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News 02/18 - "Through underprivileged ethnic groups, nuns get close to God"

Updated: Feb 12, 2019

Among Vietnams 54 distinct groups with their own language and cultural heritage, 53 of them are ethnic minorities making up less than 15 percent of the national population; however, they account for almost 50 percent of the poor, according to the World Bank. They are isolated and have limited assets, low levels of education and poor health conditions.

The Central Highlands are home to over 30 ethnic groups who struggle just to get food on a daily basis. Traditionally they made their living by hunting and gathering from the forests, but these are disappearing. Poor land management and over-farming are to blame; the majority Kinh have been buying up land at low prices, sometimes just trading it for goods. The Kinh make up over 85 percent of the minority population and have much higher standards of living than the other groups.

Seeing a great need, three young nuns of the Lovers of the Holy Cross of Phan Thiet established their community at Bien Ho village near Pleiku City last year. They started their mission by living among the ethnic minority groups in remote areas.

Every day they drive scooters along rough narrow paths through coffee plantations  and fields to 20 different Jarai ethnic villages, where they visit with people and bring them food, clothes, brooms and sleeping mats. The sisters also look after abandoned lepers, take patients to hospitals and even help hold funerals for the dead. One day in late May, two sisters in their early 30s visited a four-member family at Bong village. They carried medicine and food on their shoulders, climbing up the long timber ladder to a ramshackle house built several feet above the ground. Speaking to them in broken Jarai, the nuns asked them about their health and life conditions. They gave them medicine, fish sauce, salt and instant noodles.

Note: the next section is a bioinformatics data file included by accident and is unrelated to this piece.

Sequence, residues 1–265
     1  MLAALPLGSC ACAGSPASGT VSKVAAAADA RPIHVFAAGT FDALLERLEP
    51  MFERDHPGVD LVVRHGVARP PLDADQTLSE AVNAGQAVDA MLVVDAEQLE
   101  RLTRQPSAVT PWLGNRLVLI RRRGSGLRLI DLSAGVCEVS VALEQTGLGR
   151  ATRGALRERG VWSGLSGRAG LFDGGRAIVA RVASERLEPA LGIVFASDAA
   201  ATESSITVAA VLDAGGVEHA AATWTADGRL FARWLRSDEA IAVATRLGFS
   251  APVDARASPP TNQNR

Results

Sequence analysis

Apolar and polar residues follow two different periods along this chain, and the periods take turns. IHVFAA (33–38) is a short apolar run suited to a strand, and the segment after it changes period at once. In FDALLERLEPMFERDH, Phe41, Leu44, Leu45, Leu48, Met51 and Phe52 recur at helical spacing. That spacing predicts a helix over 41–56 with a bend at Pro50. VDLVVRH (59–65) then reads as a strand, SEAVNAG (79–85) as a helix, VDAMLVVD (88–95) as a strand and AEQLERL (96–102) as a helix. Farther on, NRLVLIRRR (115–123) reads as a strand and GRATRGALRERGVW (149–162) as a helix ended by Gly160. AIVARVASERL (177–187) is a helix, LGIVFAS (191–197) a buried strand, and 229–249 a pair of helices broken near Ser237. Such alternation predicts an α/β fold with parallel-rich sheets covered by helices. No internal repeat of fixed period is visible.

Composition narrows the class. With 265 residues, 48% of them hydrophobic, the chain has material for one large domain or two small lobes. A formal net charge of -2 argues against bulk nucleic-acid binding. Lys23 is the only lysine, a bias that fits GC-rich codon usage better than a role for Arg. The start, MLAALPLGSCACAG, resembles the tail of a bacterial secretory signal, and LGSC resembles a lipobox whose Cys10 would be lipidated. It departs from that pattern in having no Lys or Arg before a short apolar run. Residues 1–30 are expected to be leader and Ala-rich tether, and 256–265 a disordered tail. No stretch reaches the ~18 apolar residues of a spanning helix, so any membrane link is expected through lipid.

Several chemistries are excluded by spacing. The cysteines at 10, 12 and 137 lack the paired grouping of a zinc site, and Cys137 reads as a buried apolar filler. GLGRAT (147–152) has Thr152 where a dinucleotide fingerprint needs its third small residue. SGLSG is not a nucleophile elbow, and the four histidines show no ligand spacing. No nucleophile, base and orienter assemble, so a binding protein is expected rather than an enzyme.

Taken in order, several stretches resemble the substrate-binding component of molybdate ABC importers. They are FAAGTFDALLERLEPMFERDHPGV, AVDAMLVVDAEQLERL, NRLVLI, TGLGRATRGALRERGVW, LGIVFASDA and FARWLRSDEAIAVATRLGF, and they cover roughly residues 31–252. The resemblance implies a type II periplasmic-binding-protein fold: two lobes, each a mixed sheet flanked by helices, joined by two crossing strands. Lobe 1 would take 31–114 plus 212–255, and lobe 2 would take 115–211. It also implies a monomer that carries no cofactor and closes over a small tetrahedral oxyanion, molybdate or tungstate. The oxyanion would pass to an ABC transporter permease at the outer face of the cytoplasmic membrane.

Sr. Mary Tran Thi Kim Cuc, one of the nuns who visited them, said, “None of them can speak Vietnamese. They don’t have any social relationships, so we are their only friends. At first they avoided meeting us. We patiently talked with them in their own language and regularly visited them. We tried to win their hearts by looking after them.” The nuns then travelled to another village where they consoled and provided medicine for one liver-cancer patient and some elderly people without relatives, who had no money for medical treatment at hospitals. "Although we sometimes fall down on paths or catch fevers and feel tired after a working day, we are happy to help ease the sufferings and material hardships of those educationally and socially underprivileged groups,” Sr. Agnes Nguyen Thi Tuyet Suong said. Suong, who is a physician, said she wants to “be among poor people to serve them with motherly love, treat them like my own siblings  and become a member of their communities.” Her mission motto is: “My body is of the poor and my soul is of God.”

For the past six years, some nuns from Lovers of the Holy Cross of Qui Nhon have been providing two free daily meals to hundreds of ethnic patients and their relatives. Those patients receive medical treatment at two state-run hospitals in Pleiku City.

“We also give them medicine, clothes and milk. We visit them and drive the patients to hospitals since they are not able speak fluent Vietnamese and have no money,” Sr Maria Nguyen Thi Dao Kim Sang, also a physician, said. She said patients’ relatives come to the convent early in the morning to start waiting for lunch because they have no money for breakfast. Some take a bath, wash their clothes and talk with the nuns about their health conditions. Ro Cham Sen, a mother of three, said her husband who suffers from a brain tumor has been staying at the hospital for months. She was lined up that day as usual to get lunch. “I sold all our farmland to cover his treatment, and now I have no money. Without the nuns’ help and daily food, I would just bring him home to die,” Sen said in tears.

Fr. Peter Nguyen Van Dong, vicar general of Kontum diocese, said local nuns quietly and patiently serve underprivileged ethnic people. “They live among them, ease their sufferings and hardships with what they have, and do pastoral work for them as way to bring God’s love to them,” he added. “They are real mothers of the poor people here.”

Joseph Quoc, Tinh Pleiku, Gia Lei, Vietnam, 2017

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